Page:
Should we shout for change or quietly be the change?
I could intentionally build friendships across race lines in a culture with overt and residual racism.
I could live out empathy in a church that is not as empathetic as I’d hoped.
I could listen and learn what it’s like to be queer in a straight society.
And none of this requires yelling or fighting the people and systems in power.
But don’t some things require trying to change others too? If we think the train is speeding toward injustice, should we only act justly toward other coach passengers, or use the fire axe to hack into the locomotive’s cockpit, so the whole train can be redirected?
What if Martin Luther King Jr. had simply and quietly loved his white neighbor, without also challenging the systems holding racism in place?
Instead of quenching thirst with cups of water from the river, what would it take to engineer a river branch that diverts water directly to the thirsty?
If justice requires working on behalf of those who may be marginalized or just plain hurting, in what ways do we work?
Even as we act in small ways, should we not also dream big?
“To act justly, to love mercy, and to walk humbly with your God.”¹
So lofty – “with your God” and yet so earthy – “walk humbly”.
This question came up in two separate conversations this week and spoiler alert, we did not solve the dilemma. We each find ourselves in different power grids, systems in place that seem impossible to change.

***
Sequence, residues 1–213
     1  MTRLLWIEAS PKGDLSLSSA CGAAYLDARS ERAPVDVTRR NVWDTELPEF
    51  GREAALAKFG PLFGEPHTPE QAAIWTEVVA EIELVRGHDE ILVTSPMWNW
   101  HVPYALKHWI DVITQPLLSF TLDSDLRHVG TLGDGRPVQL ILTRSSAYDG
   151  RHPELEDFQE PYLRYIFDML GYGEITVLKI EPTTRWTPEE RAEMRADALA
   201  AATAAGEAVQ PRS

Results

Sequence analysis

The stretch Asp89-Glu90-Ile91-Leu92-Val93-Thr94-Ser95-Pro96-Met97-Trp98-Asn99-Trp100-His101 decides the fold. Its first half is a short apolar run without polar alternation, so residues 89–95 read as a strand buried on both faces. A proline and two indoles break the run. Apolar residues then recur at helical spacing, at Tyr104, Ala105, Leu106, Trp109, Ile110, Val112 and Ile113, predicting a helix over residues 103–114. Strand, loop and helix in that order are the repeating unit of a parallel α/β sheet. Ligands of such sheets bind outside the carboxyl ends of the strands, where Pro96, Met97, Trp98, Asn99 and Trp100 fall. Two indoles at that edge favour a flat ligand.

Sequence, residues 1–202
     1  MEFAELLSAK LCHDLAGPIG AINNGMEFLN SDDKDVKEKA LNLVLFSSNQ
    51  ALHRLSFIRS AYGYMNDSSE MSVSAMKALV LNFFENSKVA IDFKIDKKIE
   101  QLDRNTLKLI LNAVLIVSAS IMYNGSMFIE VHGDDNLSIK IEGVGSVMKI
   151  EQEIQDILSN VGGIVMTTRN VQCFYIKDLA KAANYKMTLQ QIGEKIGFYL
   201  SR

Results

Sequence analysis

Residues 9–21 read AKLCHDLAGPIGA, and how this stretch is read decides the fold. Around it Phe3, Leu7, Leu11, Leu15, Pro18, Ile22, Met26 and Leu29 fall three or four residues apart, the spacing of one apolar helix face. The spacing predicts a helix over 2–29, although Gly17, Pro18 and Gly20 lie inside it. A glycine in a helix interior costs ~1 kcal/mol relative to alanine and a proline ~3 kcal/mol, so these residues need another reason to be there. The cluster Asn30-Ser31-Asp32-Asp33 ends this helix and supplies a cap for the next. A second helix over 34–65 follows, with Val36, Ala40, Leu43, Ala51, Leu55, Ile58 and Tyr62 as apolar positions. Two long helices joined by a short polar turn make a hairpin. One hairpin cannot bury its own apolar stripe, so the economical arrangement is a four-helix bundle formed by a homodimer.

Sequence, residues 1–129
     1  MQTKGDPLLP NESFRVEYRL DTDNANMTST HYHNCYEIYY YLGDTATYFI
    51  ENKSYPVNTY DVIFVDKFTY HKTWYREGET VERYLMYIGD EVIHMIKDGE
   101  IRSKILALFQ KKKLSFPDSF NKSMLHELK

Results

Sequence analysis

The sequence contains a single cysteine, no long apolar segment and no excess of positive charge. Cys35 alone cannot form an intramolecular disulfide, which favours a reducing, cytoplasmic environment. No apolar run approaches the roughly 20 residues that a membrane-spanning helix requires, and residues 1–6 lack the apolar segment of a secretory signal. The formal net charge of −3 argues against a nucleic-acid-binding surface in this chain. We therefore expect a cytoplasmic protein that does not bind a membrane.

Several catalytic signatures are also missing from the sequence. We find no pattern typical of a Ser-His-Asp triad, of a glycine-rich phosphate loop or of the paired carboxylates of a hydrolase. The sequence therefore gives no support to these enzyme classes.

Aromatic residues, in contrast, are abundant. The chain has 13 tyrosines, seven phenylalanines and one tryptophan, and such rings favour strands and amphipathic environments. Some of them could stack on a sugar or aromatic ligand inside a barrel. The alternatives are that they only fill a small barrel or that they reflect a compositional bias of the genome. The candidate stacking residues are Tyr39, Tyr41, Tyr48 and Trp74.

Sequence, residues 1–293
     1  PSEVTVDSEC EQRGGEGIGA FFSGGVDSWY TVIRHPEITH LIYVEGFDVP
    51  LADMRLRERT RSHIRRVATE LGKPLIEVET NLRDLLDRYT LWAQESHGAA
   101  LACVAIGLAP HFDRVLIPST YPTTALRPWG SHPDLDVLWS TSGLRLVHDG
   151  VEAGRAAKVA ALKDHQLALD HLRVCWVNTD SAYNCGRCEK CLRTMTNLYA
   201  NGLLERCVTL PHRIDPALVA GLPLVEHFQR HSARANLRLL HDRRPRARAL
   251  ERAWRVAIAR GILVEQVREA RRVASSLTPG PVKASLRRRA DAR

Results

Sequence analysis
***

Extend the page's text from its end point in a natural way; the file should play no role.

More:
Someone in the medical field, with its for-profit bureaucracies, only wants to care for their patients face to face, but that often requires looking up and away, using a machete to cut through red tape (Yes, that is a Cake reference). Unfortunately, freedom fighter and compassionate caregiver are rarely on the same business card.
This could be one of those “use your strengths” things. If we are diverting the river, we might keep someone running cups between the river and the thirsty mouths, even while others architect and build the wooden trough down the hillside for direct delivery.
Nearly everywhere we find power systems – businesses, charities, churches, schools.
It’s a battle between doing what I can control – loving my neighbor – and fighting for change beyond my control – turning entire organizations or communities a new direction.
It’s a battle of voices: living between the whisper that says things will never change and the shouting that demands all things must change. Each voice has its dangers: the shout sets me up for disappointment in others (or offending others) and the whisper finds me sitting on the couch unmoved.
Somewhere in between is an active living that is at least walking forward. Loving mercy and therefore acting justly. Now to go find out what that means.
¹From the book of Micah 6:8